Goldcorp CEO David Garofalo rides the highs and lows

SPINNING GOLD | David Garofalo, Goldcorp CEO, expects gold prices to rebound from five-year lows

Revenues were way up, profits way down–and neither fazes new Goldcorp CEO David Garofalo

It was a year of very highs and very lows for Goldcorp Inc., which produced more gold than ever in 2015. With annual revenues of US$4.4 billion, it jumped six spots on this year’s Top 100 list—despite recording a US$4.2-billion loss.

David Garofalo, who left the top position at HudBay Minerals Inc. to become Goldcorp CEO this past March, takes the long-term view on financial ups and downs. Typically, it takes at least a decade for a mining company to go from discovery of a new deposit to production. “By definition, mining companies are a collection of finite-life assets,” he explains. “We’re continually having to explore and develop new deposits in order to perpetuate our business, and that requires a very long-dated view. Quarterly results are very much fixated on the short-term operational performance.”

Garofalo points to the significant correction in gold prices over the last several years: from highs of more than $1,600 an ounce in 2012 down to an average of $1,153 in 2015. This was a primary reason for the $4.9-billion write-down in asset value that caused the eyebrow-raising red ink in Goldcorp’s books. “Those reserves were not necessarily lost,” he says. “They’re still in the ground, and at a higher gold price those reserves come back into the mine plans and ultimately could get recovered.”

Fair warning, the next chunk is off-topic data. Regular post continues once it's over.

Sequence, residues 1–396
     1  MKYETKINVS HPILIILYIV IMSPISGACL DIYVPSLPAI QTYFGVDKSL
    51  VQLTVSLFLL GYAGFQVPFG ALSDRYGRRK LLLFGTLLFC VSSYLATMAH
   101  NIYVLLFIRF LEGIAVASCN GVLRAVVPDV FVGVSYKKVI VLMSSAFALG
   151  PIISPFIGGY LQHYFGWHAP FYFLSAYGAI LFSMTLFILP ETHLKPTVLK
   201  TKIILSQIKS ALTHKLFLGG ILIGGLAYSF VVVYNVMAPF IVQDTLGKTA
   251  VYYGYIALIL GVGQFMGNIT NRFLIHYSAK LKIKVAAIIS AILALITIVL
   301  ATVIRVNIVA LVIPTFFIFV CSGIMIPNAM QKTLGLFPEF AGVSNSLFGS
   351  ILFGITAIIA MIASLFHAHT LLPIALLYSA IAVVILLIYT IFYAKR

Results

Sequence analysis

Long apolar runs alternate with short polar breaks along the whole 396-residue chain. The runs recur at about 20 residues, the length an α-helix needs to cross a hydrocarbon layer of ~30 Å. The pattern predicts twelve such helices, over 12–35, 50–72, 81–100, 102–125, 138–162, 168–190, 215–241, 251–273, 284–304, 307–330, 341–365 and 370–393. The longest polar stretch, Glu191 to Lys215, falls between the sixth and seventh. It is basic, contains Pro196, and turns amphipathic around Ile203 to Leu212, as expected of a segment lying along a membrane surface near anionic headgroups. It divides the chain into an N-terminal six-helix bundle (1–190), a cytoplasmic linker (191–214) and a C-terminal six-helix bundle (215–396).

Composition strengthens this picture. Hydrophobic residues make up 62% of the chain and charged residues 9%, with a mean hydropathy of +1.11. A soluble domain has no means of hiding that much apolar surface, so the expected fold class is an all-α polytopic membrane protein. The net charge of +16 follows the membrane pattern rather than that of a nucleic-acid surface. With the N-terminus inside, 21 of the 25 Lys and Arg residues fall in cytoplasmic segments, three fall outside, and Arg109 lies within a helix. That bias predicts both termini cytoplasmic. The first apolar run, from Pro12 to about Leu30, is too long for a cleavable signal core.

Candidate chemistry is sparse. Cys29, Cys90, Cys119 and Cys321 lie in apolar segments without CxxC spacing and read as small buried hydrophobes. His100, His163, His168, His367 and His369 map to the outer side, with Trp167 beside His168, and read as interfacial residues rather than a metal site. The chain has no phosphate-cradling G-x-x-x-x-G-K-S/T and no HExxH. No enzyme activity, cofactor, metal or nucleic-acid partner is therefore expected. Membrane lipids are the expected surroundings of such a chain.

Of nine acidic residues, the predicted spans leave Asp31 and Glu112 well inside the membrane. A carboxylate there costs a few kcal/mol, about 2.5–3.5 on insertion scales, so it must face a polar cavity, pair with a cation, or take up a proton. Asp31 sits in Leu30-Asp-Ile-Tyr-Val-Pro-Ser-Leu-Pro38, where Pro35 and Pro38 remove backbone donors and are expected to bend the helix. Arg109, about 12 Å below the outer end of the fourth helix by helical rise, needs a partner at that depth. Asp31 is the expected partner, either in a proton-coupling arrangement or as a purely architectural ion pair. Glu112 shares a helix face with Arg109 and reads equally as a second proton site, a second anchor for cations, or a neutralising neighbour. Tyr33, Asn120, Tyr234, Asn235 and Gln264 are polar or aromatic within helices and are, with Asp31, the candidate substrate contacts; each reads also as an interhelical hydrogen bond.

Such is the volatility of gold, whose price is not governed by demand-supply fundamentals in the same way as other minerals. People use gold as a store of value instead of banks when interest rates are low. Thus, the indication by the U.S. Federal Reserve in late 2015 that it would raise rates caused the price of gold to plummet.

Central banks did not, however, raise interest rates, and many devalued their currencies in order to preserve their export markets. “Gold is the one currency that you can’t manipulate like that,” Garofalo notes. “There’s a finite amount of it. It can’t be printed, and so it provides you an ultimate store value.” Gold prices rebounded slightly early this year as interest rates remained low, and he expects that rebound to continue. 

Capital expenditures over the last several years include US$4 billion on two large-scale mining constructions, the Cerro Negro in Argentina and the Eleonore in Northern Quebec. Both started operations in 2015, boosting the company’s annual production to 3.5 million ounces—a 21 per cent increase over the previous year.

Garofalo says the company is now in a “harvest phase” as it aims to take in returns on those capital investments in new mines and look for other opportunities. “Given the current lack of existing large-scale operations to acquire, we’re more focused on cultivating another generation of early-stage development projects, or investing in juniors to help them find the next big deposit.”